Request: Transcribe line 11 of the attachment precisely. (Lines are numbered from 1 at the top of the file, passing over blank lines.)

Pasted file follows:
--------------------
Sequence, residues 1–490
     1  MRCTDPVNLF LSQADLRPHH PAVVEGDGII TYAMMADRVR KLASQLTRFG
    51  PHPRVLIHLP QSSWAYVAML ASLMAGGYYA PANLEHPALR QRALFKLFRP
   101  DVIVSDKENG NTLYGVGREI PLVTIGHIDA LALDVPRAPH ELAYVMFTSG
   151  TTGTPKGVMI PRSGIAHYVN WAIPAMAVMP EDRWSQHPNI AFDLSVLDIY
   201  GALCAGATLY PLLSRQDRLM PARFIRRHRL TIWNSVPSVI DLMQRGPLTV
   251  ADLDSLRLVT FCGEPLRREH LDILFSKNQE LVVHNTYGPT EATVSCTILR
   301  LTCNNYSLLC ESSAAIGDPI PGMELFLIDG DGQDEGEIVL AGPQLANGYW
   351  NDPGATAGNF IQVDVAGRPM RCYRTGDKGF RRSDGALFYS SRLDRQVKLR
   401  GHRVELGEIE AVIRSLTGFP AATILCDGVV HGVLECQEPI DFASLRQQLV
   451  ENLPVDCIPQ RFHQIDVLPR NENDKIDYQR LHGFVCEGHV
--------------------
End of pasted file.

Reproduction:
   451  ENLPVDCIPQ RFHQIDVLPR NENDKIDYQR LHGFVCEGHV